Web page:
• Knowing yourself. Life plans and personal tastes take a while to evolve. Don’t rush into home-buying unless you have a good handle on what you want for the long term.
  • Affordability. This is an entirely different area of discussion; but if the dollars and cents don’t add up, not all the elements for buying a home are in place.

Catalysts can help you decide

Given the right elements, what can trigger you to act on them? Here are some possibilities:

  • A jump in rents. As I mentioned, that did it for us. It changes the current comparison between renting and owning costs, and makes you think about stabilizing your housing expense for the future.
  • Low mortgage rates. You should look at today’s mortgage rates as an opportunity that might not always be there. If home-buying is in your future, you might want to accelerate the timing to take advantage.
  • A change in household. Getting married or having a baby might mean you have to find a bigger place anyway, so you might think about doing that by buying.
  • A strong raise in pay. A meaningful bump-up — beyond the standard annual cost-of-living type of adjustment — could not only give you the financial means to buy a home, but it might also be a sign that your career is well enough on track for you to make that kind of commitment.

In short, besides the math of affordability, buying a home comes down to the chemistry of your personal situation. Perhaps if we had known so much was riding on math and chemistry, we all would have paid more attention in high school.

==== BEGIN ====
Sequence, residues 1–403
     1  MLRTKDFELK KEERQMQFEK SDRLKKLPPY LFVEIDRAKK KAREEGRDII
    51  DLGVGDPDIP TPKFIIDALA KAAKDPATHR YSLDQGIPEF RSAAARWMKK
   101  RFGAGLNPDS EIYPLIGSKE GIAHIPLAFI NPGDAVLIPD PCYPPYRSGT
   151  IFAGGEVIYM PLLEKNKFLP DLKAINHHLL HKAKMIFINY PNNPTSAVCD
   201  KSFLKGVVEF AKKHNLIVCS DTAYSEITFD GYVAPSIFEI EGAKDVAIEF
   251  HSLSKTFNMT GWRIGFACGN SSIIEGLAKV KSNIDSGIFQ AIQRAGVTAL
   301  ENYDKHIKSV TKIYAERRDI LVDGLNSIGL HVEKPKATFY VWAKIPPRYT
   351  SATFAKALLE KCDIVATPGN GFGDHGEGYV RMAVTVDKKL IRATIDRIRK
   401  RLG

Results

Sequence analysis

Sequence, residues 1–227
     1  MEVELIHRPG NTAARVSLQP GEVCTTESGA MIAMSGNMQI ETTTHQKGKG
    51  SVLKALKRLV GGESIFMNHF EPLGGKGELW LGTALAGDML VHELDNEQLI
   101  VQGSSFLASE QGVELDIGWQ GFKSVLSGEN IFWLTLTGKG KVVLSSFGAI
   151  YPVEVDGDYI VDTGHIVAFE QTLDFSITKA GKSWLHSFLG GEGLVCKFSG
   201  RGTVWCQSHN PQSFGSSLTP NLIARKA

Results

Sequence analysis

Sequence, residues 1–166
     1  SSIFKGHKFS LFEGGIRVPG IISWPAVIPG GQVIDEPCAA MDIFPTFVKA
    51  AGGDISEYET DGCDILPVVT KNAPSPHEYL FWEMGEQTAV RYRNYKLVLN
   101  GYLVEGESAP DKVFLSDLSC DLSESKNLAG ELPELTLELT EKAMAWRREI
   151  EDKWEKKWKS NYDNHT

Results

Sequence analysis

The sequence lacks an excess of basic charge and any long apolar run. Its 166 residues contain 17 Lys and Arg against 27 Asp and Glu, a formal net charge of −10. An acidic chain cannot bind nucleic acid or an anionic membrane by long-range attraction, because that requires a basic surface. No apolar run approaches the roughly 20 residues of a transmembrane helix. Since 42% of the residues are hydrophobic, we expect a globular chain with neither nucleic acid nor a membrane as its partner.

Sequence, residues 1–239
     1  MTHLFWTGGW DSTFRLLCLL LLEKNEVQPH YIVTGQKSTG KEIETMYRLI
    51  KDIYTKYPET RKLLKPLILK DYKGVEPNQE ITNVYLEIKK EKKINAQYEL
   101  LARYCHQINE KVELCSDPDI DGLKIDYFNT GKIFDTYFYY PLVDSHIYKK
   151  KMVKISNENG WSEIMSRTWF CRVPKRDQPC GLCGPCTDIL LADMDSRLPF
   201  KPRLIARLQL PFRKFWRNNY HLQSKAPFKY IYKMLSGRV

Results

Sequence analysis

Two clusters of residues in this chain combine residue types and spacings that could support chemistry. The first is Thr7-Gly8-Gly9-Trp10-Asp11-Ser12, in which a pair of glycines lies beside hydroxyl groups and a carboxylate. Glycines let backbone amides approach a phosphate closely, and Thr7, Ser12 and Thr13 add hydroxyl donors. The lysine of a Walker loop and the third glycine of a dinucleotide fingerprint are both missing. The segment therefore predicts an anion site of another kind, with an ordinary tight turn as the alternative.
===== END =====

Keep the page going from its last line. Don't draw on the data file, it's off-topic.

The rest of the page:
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New baby? No doubt this new arrival has turned every aspect of your life upside down in the best possible way. Now is the time to make sure your financial house is in order. Here’s a 10-step account and financial checklist to lay the groundwork for your little one’s successful future.

New account checklist for new babies

1. Apply for a Social Security number for the baby: An SSI number is the linchpin to open a bank account in your child’s name, purchase savings bonds, obtain medical coverage and access government benefits.

2. Review your life insurance: If you don’t have life insurance, you should get coverage as soon as possible. If you already have a life insurance policy, check to make sure it’s adequate to cover the needs of the new addition to the family.

3. Pick a guardian: Choose a family member or close friend who is willing and financially able to care for your child, should you or the other parent pass away or become incapacitated before your child turns 18.

4. Set up powers of attorney: Put in writing your legal power of attorney, which sets out who will be responsible for your financial and personal affairs should you be unable to make those decisions for yourself. You also should set up a health care power of attorney that makes your wishes known in the event you become seriously ill and are unable to participate in decisions about your care.